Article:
Proteomics analyses of CSF samples from EMIF-MBD study identify three different subtypes of Alzheimer’s disease

The EMIF multimodal biomarker (EMIF-MBD) study, led by researchers based at VUmc Amsterdam and Maastricht University, harmonized and pooled clinical data from 11 Alzheimer’s disease (AD) cohort studies across Europe, also collecting biosamples from lumbar punctures and blood draws. In a recent paper published in the Brain journal, Betty Tijms and Pieter Jelle Visser used proteomics analyses of cerebrospinal fluid samples from the EMIF-MBD and ADNI studies to identify three different Alzheimer’s disease subtypes.

Two key pathological hallmarks of AD are the presence of amyloid plaques and tau tangles in the brain. Measurement of these biomarkers contributes to the A/T/N classification of AD, proposed by Clifford Jack and colleagues in 2016. However, AD varies considerably from individual to individual; clinical symptoms of AD are heterogeneous, with varying ages of onset and rates of disease progression. Looking beyond the A/T/N classification, and aiming to identify different biotypes of AD, Prof. Visser and his team set out to evaluate the protein composition of cerebrospinal fluid (CSF) samples from participants enrolled in the EMIF-MBD and ADNI studies. CSF contains hundreds of different proteins, and analyses of these proteins using proteomics techniques might provide some clues and biological identifiers that better capture the clinical heterogeneity of AD.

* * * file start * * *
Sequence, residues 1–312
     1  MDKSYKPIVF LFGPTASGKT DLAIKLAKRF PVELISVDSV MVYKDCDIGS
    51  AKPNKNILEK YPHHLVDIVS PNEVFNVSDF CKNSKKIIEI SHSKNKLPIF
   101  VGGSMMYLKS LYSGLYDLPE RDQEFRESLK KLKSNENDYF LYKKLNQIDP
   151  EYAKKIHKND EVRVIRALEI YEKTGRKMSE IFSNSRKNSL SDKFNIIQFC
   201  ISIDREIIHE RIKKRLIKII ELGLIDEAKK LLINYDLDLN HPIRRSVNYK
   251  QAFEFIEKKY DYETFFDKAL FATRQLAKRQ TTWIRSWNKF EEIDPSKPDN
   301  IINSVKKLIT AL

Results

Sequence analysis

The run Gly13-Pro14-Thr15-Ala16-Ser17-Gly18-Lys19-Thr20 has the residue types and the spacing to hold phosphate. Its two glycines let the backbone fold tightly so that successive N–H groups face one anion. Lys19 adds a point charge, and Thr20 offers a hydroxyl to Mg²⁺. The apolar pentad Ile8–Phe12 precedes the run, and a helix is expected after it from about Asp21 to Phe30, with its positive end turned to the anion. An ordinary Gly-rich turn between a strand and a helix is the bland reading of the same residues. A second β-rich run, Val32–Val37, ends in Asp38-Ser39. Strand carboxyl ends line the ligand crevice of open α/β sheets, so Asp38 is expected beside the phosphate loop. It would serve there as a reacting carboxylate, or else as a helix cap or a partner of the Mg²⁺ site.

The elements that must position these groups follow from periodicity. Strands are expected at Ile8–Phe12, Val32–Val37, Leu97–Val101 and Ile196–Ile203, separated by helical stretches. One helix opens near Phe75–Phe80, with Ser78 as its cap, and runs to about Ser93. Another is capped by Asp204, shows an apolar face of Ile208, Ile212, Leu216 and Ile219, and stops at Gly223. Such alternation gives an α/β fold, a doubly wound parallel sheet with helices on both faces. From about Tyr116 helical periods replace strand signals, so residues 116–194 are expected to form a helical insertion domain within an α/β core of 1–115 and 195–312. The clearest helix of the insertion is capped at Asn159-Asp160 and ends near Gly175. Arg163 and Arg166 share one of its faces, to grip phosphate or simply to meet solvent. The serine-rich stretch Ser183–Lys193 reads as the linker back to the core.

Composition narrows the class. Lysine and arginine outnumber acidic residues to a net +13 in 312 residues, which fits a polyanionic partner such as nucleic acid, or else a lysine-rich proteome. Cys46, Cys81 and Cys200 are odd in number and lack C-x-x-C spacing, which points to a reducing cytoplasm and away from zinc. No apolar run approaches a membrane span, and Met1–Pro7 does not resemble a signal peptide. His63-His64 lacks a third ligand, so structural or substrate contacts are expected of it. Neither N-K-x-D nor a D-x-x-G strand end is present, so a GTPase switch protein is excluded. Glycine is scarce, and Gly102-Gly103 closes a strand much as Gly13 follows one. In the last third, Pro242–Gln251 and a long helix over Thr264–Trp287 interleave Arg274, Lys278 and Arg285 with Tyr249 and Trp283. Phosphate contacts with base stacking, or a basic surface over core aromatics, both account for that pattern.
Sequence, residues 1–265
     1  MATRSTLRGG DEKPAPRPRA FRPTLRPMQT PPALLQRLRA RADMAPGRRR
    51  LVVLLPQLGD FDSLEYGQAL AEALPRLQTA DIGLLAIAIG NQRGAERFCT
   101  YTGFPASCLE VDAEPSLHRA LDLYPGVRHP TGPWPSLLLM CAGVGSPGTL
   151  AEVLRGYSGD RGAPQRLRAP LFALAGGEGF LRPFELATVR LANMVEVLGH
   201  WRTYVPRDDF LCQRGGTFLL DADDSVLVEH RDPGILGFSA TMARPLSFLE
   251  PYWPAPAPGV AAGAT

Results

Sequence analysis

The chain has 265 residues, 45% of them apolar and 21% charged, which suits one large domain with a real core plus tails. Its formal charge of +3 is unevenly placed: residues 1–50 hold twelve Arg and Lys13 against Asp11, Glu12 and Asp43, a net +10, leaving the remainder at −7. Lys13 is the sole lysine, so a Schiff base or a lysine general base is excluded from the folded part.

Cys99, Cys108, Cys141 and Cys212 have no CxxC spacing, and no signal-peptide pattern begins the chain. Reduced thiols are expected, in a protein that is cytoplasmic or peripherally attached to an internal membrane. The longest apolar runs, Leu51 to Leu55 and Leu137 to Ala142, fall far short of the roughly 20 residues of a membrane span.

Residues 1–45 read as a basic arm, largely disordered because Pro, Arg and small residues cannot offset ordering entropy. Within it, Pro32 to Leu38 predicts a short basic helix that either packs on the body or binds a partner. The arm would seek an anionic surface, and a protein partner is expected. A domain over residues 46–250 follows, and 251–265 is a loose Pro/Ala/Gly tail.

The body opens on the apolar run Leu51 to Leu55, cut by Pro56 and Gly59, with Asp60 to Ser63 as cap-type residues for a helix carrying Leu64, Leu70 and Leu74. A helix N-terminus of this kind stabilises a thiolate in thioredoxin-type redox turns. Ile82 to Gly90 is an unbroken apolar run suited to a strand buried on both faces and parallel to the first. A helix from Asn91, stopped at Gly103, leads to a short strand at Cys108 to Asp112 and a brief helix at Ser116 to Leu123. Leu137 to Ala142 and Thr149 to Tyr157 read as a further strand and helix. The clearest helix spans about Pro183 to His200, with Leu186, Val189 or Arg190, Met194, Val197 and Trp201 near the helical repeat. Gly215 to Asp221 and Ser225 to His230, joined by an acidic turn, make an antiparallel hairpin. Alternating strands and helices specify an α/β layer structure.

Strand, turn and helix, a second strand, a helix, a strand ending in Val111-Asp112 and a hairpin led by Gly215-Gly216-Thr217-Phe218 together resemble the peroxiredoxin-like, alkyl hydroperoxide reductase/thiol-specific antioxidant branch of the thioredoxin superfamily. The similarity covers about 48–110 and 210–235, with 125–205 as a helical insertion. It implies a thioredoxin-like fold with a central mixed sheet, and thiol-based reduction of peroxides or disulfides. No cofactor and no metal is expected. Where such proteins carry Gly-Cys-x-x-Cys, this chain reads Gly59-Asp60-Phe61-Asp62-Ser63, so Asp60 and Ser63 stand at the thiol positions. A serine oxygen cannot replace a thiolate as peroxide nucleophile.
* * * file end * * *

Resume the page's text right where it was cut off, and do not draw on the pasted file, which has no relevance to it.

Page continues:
Assessment of the proteomic profiles of CSF from participants with AD/abnormal amyloid in both cohorts (n=425) showed there were large differences compared to people without AD (n=127). Mapping the protein profiles to specific biological processes, the researchers identified three separate AD subtypes across the EMIF-MBD and ADNI cohorts. The first, defined as a “hyperplastic” subtype, was characterized by higher levels of neuronal injury and increased levels of the BACE1 protein. The second subtype, on the other hand, showed higher levels of proteins associated with innate immune activation, as well as greater brain atrophy (measured by MRI scans) and clinical progression (measured using cognitive tests). In comparison, the protein profile of the third subtype showed signs of increased blood-brain barrier dysfunction and vascular damage, and lower levels of BACE1. Together, these results point to a role for CSF analyses in capturing the biological heterogeneity present in AD, potentially identifying targets for personalized therapy.

The original paper can be accessed here:

Image copyright: Amsterdam Research